Just after 6 p.m. on April 4, 1968, Martin Luther King Jr. is fatally
shot while standing on the balcony outside his second-story room at
the Motel Lorraine in Memphis, Tennessee. The civil rights leader was
in Memphis to support a sanitation workers´ strike and was on his way
to dinner when a bullet struck him in the jaw and severed his spinal
cord. King was pronounced dead after his arrival at a Memphis
hospital. He was 39 years old.
In the months before his assassination, Martin Luther King became
increasingly concerned with the problem of economic inequality in
America. He planned an interracial "Poor People´s March" on Washington
and in March 1968 had traveled to Memphis in support of poorly treated
African-American sanitation workers. On March 28, a workers´ protest
march led by King ended in violence and the death of an
African-American teenager. King left the city but vowed to return in
early April to lead another demonstration.
On April 3, back in Memphis, King gave his last sermon, saying, "We´ve
got some difficult days ahead, but it really doesn´t matter with me
now. Because I´ve been to the mountaintop. And I don´t mind. Like
anybody, I would like to live a long life; longevity has its place.
But I´m not concerned about that now. I just want to do God´s will.
And he´s allowed me to go up to the mountain, and I´ve looked over,
and I´ve seen the promised land. I may not get there with you, but I
want you to know tonight that we as a people will get to the promised
One day after speaking those words, Dr. King was shot and killed by a
sniper. As word of the assassination spread, riots broke out in cities
all across the United States and National Guard troops were deployed
in Memphis and Washington, D.C. On April 9, King was laid to rest in
his hometown of Atlanta, Georgia. Tens of thousands of people lined
the streets to pay tribute to King´s casket as it passed by in a
wooden farm cart drawn by a single mule.
The evening of King´s murder, a Remington .30-06 hunting rifle was
found on the sidewalk beside a rooming house one block from the
Lorraine Motel. During the next several weeks, the rifle, eyewitness
reports, and fingerprints on the weapon all implicated a single
suspect: escaped convict James Earl Ray. A two-bit criminal, Ray
escaped a Missouri prison in April 1967 while serving a sentence for a
holdup. In May 1968, a massive manhunt for Ray began. The FBI
eventually determined that he had obtained a Canadian passport under a
false identity, which at the time was relatively easy.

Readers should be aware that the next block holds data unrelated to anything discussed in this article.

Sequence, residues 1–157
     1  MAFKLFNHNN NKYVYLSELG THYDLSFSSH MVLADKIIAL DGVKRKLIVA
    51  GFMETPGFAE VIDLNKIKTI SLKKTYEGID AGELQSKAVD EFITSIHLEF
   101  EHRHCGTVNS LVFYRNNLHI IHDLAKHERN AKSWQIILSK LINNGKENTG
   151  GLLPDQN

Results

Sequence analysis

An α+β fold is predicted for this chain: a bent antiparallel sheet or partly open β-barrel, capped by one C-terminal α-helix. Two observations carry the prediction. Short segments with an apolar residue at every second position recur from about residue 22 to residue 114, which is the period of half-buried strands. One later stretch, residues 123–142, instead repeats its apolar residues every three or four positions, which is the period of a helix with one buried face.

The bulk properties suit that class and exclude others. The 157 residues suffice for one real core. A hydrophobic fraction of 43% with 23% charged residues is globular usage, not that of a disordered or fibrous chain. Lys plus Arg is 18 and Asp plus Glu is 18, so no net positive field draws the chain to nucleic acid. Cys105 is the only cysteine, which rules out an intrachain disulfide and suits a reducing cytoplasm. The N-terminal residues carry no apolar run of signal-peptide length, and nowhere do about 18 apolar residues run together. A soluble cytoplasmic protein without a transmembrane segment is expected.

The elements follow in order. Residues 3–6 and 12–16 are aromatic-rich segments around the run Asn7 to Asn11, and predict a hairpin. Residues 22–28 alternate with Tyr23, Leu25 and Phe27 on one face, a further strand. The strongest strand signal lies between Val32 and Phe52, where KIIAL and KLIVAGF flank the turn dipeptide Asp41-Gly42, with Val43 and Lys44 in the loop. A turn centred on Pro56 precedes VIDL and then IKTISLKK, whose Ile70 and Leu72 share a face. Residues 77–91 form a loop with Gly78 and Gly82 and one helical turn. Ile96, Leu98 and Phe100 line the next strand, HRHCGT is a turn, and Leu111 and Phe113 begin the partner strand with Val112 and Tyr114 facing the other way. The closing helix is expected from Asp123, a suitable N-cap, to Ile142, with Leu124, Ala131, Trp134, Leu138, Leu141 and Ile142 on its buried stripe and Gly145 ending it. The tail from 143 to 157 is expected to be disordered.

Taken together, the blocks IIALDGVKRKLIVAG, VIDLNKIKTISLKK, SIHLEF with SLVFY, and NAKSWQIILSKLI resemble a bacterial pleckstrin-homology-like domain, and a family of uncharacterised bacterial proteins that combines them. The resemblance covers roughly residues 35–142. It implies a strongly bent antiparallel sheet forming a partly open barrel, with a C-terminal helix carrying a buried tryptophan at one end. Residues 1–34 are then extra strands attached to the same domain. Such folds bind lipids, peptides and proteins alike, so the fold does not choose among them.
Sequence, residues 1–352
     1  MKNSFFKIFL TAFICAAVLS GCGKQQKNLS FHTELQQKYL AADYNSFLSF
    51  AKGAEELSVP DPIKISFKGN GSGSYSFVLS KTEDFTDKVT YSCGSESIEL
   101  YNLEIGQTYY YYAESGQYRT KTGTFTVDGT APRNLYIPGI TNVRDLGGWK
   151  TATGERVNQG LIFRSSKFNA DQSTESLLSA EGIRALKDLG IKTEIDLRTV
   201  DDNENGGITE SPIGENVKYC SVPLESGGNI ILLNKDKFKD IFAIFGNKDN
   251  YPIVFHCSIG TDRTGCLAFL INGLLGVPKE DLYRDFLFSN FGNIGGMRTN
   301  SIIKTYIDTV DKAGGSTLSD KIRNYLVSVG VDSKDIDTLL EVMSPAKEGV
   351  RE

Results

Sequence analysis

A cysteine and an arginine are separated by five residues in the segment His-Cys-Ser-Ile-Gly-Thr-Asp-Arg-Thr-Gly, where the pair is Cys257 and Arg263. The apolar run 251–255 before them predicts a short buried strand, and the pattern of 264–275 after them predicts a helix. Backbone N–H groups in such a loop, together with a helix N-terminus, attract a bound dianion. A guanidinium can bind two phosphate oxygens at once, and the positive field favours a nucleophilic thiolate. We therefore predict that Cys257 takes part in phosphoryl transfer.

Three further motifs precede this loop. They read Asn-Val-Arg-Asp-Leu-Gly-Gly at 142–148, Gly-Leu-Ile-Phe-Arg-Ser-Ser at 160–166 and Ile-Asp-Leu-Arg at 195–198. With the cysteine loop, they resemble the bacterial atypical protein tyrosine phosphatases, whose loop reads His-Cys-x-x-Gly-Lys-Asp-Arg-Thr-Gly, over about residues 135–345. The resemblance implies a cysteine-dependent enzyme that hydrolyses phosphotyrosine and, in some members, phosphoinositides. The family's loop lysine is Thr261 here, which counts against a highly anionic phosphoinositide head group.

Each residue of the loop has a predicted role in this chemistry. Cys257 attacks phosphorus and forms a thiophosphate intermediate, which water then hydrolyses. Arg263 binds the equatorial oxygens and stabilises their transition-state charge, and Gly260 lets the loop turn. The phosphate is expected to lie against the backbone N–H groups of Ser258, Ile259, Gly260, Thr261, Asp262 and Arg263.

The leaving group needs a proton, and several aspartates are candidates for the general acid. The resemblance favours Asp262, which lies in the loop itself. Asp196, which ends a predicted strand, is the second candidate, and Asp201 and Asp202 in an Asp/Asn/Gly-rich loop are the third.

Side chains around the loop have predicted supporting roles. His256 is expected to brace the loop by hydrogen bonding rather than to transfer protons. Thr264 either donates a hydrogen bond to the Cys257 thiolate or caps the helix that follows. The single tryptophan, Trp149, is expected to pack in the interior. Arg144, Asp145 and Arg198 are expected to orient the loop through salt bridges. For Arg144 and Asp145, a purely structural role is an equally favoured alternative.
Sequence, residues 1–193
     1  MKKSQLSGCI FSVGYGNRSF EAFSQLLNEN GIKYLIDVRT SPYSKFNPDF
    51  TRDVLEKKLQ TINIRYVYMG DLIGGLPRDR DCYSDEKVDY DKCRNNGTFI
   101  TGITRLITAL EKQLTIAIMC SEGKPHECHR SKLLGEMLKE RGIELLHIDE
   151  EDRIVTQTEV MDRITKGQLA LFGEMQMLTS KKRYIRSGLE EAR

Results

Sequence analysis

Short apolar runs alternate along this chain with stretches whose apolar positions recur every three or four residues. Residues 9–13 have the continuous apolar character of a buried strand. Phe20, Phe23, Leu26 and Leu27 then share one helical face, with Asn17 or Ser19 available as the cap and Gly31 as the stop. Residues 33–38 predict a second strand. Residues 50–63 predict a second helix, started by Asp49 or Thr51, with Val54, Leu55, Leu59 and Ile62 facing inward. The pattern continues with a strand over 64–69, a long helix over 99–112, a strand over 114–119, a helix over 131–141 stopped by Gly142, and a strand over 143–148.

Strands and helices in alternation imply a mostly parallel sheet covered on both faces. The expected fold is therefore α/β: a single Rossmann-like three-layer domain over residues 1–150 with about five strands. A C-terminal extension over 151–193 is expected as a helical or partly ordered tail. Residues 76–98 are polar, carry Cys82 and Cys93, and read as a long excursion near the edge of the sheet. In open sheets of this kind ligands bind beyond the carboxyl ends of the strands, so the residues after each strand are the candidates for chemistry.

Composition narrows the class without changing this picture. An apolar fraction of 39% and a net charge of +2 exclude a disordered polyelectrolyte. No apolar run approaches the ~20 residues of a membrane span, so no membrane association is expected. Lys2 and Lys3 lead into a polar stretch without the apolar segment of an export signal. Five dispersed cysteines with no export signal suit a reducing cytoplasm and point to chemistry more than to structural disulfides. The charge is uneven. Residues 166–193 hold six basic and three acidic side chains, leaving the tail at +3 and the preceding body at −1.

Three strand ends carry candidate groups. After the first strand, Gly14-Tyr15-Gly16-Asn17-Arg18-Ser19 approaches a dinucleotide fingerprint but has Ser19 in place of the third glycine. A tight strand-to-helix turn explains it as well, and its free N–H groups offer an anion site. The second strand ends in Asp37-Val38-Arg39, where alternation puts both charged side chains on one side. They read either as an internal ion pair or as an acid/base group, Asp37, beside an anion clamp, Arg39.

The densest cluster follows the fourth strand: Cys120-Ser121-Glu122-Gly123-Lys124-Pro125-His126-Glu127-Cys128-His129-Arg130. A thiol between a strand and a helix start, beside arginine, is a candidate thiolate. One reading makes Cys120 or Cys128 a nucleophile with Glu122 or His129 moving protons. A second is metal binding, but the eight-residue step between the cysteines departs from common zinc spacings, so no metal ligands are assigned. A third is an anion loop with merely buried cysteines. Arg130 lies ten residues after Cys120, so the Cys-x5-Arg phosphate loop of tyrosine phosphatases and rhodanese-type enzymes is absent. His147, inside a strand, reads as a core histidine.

On June 8, Scotland Yard investigators arrested Ray at a London
airport. He was trying to fly to Belgium, with the eventual goal, he
later admitted, of reaching Rhodesia. Rhodesia, now called Zimbabwe,
was at the time ruled by an oppressive and internationally condemned
white minority government. Extradited to the United States, Ray stood
before a Memphis judge in March 1969 and pleaded guilty to King´s
murder in order to avoid the electric chair. He was sentenced to 99
years in prison.
Three days later, he attempted to withdraw his guilty plea, claiming
he was innocent of King´s assassination and had been set up as a patsy
in a larger conspiracy. He claimed that in 1967, a mysterious man
named "Raoul" had approached him and recruited him into a gunrunning
enterprise. On April 4, 1968, he said, he realized that he was to be
the fall guy for the King assassination and fled to Canada. Ray´s
motion was denied, as were his dozens of other requests for a trial
during the next 29 years.
During the 1990s, the widow and children of Martin Luther King Jr.
spoke publicly in support of Ray and his claims, calling him innocent
and speculating about an assassination conspiracy involving the U.S.
government and military. U.S. authorities were, in conspiracists´
minds, implicated circumstantially. FBI Director J. Edgar Hoover
obsessed over King, who he thought was under communist influence. For
the last six years of his life, King underwent constant wiretapping
and harassment by the FBI. Before his death, Dr. King was also
monitored by U.S. military intelligence, which may have been asked to
watch King after he publicly denounced the Vietnam War in 1967.
Furthermore, by calling for radical economic reforms in 1968,
including guaranteed annual incomes for all, King was making few new
friends in the Cold War-era U.S. government.
Over the years, the assassination has been reexamined by the House
Select Committee on Assassinations, the Shelby County, Tennessee,
district attorney´s office, and three times by the U.S. Justice
Department. The investigations all ended with the same conclusion:
James Earl Ray killed Martin Luther King. The House committee
acknowledged that a low-level conspiracy might have existed, involving
one or more accomplices to Ray, but uncovered no evidence to
definitively prove this theory. In addition to the mountain of
evidence against him--such as his fingerprints on the murder weapon
and his admitted presence at the rooming house on April 4--Ray had a
definite motive in assassinating King: hatred. According to his family
and friends, he was an outspoken racist who informed them of his
intent to kill Dr. Martin Luther King, Jr. He died in 1998.